The wind was howling, clawing, biting. The cold was frigid and intense, an enemy to heart and resolve. Breath misted on the air. It flowed and writhed into the myriad shapes of madness.
Hands stuffed in pockets, breath streaming from mouths, we wandered. This was not our place. We were intruders, interlopers. We were not welcome.
But there we were nonetheless. The place was pitch black. Blacker than night. Blacker than despair. There was no starlight. The clouds robbed us of that.
Graves loomed out of the darkness, pale and menacing. By the light of distant city streets names could be read. These were the graves of greater men. The great and good of a city lost to time. Some were recognizable, their names stolen for use in works of fiction. Others were obscure. Their deeds proclaimed loudly in worn down stone. Their memories carved in memento mori. Skulls, silent and gaping, ill-carved, competed with indistinct cherubs for attention in the darkling gloom.
Down gravel paths we walked, the air filled with inane chatter, hoping to dispel the gloom with human voices.
We failed. There was an edge beneath our words, a gap left by the animal hindbrain. The gap screamed out dire warnings of darkness, of doom, of fear and of fright. “Leave the dead to their rest,” it insisted.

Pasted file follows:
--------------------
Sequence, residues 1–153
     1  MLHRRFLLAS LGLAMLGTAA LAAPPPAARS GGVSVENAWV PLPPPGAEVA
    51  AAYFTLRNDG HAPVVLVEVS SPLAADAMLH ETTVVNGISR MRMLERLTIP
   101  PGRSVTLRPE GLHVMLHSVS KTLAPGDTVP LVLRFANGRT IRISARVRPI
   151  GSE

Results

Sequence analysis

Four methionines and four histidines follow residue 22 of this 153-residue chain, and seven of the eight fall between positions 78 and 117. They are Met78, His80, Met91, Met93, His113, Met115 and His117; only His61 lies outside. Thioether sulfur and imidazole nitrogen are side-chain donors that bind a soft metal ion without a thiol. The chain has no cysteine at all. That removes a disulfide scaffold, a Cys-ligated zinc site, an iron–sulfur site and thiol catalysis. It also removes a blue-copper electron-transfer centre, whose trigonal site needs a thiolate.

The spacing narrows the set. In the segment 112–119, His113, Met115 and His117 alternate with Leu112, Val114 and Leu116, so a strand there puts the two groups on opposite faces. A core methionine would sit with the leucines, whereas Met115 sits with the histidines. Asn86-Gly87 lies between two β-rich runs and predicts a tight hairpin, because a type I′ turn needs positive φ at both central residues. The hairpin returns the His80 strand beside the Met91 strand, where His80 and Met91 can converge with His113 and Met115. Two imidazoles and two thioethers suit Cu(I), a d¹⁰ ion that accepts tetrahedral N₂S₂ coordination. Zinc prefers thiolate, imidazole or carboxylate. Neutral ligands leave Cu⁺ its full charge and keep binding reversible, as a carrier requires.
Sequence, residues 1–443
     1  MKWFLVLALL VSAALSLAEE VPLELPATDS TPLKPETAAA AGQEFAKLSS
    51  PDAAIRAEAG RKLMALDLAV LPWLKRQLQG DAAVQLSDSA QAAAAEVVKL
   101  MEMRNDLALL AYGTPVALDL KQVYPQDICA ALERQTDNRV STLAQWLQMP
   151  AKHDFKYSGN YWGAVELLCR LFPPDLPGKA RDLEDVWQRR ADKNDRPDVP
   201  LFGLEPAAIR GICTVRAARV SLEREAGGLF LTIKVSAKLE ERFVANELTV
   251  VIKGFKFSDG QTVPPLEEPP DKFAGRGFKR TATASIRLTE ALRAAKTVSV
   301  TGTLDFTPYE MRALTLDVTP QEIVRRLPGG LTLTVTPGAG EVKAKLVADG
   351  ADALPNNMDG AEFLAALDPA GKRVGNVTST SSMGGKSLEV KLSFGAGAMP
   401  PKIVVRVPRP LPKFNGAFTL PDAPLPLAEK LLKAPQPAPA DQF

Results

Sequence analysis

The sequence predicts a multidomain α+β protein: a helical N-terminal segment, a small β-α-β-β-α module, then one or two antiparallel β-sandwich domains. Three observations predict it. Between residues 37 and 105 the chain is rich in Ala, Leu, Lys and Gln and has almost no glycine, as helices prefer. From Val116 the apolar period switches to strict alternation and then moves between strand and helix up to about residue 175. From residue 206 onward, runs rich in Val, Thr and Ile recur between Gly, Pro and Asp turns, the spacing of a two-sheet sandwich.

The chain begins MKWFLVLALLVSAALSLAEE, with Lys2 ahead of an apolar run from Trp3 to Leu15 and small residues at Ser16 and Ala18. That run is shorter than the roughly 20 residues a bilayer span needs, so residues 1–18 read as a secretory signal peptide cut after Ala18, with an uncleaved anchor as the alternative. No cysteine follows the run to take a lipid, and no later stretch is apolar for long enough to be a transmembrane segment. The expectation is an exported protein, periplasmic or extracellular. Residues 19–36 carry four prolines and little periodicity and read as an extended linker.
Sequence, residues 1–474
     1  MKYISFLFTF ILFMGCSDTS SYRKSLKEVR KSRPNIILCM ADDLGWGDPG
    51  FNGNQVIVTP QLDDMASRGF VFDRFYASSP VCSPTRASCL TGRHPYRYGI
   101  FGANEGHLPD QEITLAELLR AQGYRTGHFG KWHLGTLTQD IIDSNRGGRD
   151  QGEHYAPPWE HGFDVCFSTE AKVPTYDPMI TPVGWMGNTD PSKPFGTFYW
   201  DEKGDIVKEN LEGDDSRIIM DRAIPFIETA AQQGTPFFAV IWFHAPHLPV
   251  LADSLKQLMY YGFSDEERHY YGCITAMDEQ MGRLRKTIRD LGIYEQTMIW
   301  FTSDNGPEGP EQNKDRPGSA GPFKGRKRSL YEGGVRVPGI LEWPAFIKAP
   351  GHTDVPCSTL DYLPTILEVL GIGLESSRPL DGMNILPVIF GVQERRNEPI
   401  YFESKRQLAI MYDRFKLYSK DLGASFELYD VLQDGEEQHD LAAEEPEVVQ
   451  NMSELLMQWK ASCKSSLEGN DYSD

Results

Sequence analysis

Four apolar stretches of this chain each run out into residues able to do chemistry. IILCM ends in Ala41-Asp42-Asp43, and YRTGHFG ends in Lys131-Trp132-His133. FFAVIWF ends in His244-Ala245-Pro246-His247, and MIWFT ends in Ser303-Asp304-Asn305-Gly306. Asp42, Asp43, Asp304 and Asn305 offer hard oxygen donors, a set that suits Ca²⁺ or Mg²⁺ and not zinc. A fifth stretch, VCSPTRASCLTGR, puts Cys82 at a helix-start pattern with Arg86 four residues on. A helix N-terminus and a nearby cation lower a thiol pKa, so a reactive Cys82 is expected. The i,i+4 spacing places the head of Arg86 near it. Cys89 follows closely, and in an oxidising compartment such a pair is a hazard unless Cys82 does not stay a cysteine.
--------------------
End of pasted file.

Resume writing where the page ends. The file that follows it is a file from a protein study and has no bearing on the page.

Malice, all-encompassing, without focus, dogged our steps. Something was watching. Many somethings were watching.
This was their place. They hissed without voices, without words. We were not wanted. Shadows moved where no light cast them. Pale glows shone where there was nothing.
The trees, old and careworn as the graves they guarded, creaked with voices of wood and murder.
Black gates barred the night. Not to keep people out, but to keep things in. Some posed against the gate, daring, inviting.
Fools, but safe ones. No knives lanced from the darkness. No claws scraped their way through flesh. Just brooding anger, impotent and malignant.
I walked away. The group ambled along in my wake, not following, but moving in the same direction. Headstones yawned to either side of the path as feet crunched along gravel with gunshot sounds.
Here in this corner, I noted as we passed, had men died for their faith, their political beliefs. The two twinned in the fires of fanaticism. There were buried the men who had persecuted them, men of crowns, men of faith, men of death.
In another corner, so said the legends, waited a little dog for its master to resume his watch. Between them lay the graves of greater men, of lesser men, of all in between. All united in death. All made equal.
In the end we left the graves to their greater men, to their ghosts, memories, statues and shadows. We searched for warmer climes, for friendly light, from the realm of the dead into the realm of the living.
Leave a Reply